Language forms basis for our understanding of the world, how we relate to each other and how we construct and maintain unique cultures. But language extinction is a common phenomena. Of the thousands of languages once spoken around the world, only a handful survive, and many are at risk of being lost. A new film depicts the efforts to save one such language, Lakota.
Rising Voices / Hótȟaŋiŋpi aims to inform the general audience about the plight of native languages and to inspire younger Lakota to work to save their ancestral tongue, says Wilhelm Meya, executive director of The Language Conservancy, which sponsored the film’s production.
“We wanted to get young people tuned into the identity issues around language preservation,” Meya told Intercontinental Cry.
As the average age of Lakota’s 6,000 fluent speakers passes 70 years old, the task of saving the language is increasingly falling to younger Lakota. But many younger Lakota have been separated from their ancestral language, sometimes for generations.
That 6,000 people still speak Lakota is a testament to the language’s resilience. Like many Native American languages and cultures, Lakota was actively suppressed as part of US government policy toward Indigenous Peoples. As with the bison whose slaughter the US government promoted in an effort to drive nomadic tribes off the open range, native languages were targeted as part of a program of “civilization.”
From the late-nineteenth century through the 1960s, the US Bureau of Indian Affairs and various religious organizations operated boarding schools where native children, Lakota among them, were often coerced into cutting their hair, dressing in Euro-American clothing and practicing Christianity. Like cadets in military training, students were organized in platoons, trained to run drills and subject to inspections. Their day-to-day life was strictly regimented by bells.
Teaching English to the native children was central to this ‘civilization’ curriculum. T.J. Morgan, who served as commissioner for Indian affairs in the the 1890s, regarded the Indigenous Peoples of North America as a hindrance to American progress. Morgan believed English to be "the language of the greatest, most powerful and enterprising nationalities beneath the sun.” Students caught speaking their native languages were punished with mouthfuls of lye soap or beatings.
The boarding schools’ punishments instilled an embarrassment and shame into many Indigenous children. And the effects of the attempt to wipe away native cultures are still resonating today.
Philomine Lakota, an older Lakota woman interviewed in the film, describes the shame of having her mouth washed with soap when she was caught speaking her native language at a boarding school in the 1950s.
“I couldn’t teach Lakota to my own children,” she says in the film. “Because I was afraid for them and what shame they would have to go through.” Philomine now teaches at a Lakota language school.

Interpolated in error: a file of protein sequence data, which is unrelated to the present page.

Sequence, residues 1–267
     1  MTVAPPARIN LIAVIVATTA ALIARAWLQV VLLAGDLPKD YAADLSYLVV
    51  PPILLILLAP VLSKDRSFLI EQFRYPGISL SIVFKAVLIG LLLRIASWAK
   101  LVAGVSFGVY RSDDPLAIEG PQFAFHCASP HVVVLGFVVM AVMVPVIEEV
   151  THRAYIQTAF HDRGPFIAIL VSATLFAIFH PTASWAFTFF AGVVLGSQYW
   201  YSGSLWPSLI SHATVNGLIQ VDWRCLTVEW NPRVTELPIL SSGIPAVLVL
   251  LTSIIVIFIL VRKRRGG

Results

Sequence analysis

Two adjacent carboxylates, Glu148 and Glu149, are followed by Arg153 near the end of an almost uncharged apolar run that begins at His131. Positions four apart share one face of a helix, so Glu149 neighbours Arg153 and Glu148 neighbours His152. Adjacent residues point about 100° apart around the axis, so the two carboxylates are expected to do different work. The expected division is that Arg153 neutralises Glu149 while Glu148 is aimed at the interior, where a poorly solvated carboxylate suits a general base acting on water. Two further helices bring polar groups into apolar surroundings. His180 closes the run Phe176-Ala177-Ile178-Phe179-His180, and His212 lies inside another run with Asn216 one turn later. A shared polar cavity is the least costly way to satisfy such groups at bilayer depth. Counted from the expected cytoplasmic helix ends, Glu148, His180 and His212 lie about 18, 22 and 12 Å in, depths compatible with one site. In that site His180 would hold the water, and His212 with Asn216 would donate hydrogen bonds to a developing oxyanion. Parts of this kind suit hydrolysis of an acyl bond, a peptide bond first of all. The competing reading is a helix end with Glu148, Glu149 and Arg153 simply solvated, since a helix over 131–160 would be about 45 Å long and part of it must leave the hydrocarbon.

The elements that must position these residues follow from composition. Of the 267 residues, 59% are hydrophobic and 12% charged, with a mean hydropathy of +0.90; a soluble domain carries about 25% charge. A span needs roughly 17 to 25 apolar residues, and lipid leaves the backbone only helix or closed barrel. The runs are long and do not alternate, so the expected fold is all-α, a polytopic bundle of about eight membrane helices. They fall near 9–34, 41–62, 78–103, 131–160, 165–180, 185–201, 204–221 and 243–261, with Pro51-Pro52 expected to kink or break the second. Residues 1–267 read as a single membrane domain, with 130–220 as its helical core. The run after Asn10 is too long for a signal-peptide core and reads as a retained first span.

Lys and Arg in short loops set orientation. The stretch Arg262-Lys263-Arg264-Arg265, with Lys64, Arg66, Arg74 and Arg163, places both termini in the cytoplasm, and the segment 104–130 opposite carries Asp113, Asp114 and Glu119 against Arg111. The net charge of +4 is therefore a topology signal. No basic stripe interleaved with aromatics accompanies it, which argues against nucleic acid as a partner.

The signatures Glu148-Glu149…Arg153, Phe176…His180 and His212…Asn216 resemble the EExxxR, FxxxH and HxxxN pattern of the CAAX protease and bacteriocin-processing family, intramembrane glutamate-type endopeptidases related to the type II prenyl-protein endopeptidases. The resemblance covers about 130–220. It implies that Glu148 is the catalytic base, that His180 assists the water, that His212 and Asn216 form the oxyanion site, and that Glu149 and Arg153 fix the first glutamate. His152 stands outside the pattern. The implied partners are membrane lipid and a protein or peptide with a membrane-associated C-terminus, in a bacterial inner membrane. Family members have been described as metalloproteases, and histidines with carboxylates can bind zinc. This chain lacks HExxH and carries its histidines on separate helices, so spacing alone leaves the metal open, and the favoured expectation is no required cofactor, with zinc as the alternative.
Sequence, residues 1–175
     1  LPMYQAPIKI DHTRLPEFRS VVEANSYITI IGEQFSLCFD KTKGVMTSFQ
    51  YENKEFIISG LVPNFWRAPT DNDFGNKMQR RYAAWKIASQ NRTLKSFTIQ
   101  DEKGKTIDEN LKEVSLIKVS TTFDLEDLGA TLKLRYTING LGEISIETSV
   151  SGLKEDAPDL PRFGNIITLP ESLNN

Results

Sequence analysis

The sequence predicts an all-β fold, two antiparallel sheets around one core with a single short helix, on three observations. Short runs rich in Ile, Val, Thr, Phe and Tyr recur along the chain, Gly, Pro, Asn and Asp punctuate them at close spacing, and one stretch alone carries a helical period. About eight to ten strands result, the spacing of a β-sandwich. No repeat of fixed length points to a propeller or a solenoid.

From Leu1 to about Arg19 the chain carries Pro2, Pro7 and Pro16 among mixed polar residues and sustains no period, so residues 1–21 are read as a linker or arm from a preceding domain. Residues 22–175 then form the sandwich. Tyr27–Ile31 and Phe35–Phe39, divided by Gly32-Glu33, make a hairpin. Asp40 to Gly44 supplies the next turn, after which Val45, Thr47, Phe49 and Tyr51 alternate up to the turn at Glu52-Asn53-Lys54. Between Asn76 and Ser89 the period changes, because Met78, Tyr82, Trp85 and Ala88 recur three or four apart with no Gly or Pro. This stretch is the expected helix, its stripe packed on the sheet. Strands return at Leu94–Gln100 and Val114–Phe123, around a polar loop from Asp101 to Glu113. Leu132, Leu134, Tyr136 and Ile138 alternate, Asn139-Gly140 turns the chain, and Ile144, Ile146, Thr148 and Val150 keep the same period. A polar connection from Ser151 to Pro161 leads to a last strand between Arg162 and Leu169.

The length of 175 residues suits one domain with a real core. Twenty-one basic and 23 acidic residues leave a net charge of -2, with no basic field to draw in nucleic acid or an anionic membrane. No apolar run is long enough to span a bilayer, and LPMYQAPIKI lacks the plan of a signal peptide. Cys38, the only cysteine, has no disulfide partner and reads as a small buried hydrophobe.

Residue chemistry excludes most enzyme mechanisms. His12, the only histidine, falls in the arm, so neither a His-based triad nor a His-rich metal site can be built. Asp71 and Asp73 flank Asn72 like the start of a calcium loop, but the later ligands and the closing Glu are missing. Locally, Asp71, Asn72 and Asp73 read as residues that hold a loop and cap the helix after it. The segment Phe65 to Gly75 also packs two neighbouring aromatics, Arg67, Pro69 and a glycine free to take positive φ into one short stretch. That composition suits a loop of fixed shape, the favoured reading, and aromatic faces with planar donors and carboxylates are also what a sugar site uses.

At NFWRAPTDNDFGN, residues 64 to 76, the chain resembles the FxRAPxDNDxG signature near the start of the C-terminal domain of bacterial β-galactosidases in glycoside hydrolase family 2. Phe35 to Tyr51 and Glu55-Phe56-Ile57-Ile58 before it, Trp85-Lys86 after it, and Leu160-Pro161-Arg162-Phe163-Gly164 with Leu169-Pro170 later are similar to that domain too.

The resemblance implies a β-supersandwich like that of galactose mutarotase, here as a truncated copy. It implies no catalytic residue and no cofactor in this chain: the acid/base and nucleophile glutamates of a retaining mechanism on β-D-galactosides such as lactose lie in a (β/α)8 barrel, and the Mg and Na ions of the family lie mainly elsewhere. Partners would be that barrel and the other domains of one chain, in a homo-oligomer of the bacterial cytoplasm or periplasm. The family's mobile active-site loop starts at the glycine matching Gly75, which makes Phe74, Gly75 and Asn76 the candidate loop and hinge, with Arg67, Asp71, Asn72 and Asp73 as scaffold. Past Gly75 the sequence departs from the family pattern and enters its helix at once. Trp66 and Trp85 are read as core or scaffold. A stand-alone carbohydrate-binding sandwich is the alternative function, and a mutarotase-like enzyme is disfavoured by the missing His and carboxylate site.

“These are people who were never given a choice, English was forced upon them,” Meya says. “It disrupted unique native lifeways and worldviews, and really goes against one of America’s greatest values."
The Lakota are for many non-natives the archetype of the American Indian. Their feathered headdresses, coats of wolf’s fur and their teepee camps pitched against the backdrop of the great plains are still iconic in contemporary Americana.
Like any community, language is intensely intertwined with the Lakota culture. As language teacher Tipiziwin Young says in the film, “There’s nothing to compare to the feeling of being Lakota in Lakota country speaking Lakota.”
“Language is the key instrument in expressing culture,” Meya says. “It’s difficult to tell the stories and sing the songs without the language. It dilutes who they are.”
For Alayna Eagle Shield, a Lakota who is learning the language at 26 years old along with her two children, spreading the Lakota tongue is a way to bring her people back together.
“There are so many kids who grow up without that sense of identity, and they search for it in gangs and drugs,” she told Intercontinental Cry. Without that sense of cultural belonging that comes with speaking the language, knowing the stories and teachings, it is difficult for Lakota to work together, Eagle Shield says.
“I really want my community to feel whole again,” she says.
Eagle Shield and her children have been taking classes at the Lakȟól’iyapi Wahóȟpi Lakota Language Immersion School in Standing Rock, North Dakota. Although she’s not fluent yet, Eagle Shield is sharing what she’s learned through a series of Facebook videos. For her, learning a language is easiest when broken down into practical, thematic pieces.
“I’m making a series right now just about things in the bathtub,” she says. Because it helps to me to understand how I can use the language right now. It’s something I can give to my community right now.”
Eagle Shield, who works in public health, says she plans to translate information about hygiene and health into Lakota, and would eventually like to start up a summer camp to immerse Lakota youth in the language, culture and traditions.
“I’m so thankful the creator made me a Lakota,” she says. “Our people have it really hard, but there is something so beautiful about us having our own language and our own rituals. That’s why I continue to teach my kids.”
Rising Voices / Hótȟaŋiŋpi is being broadcast across the United States throughout the month of November.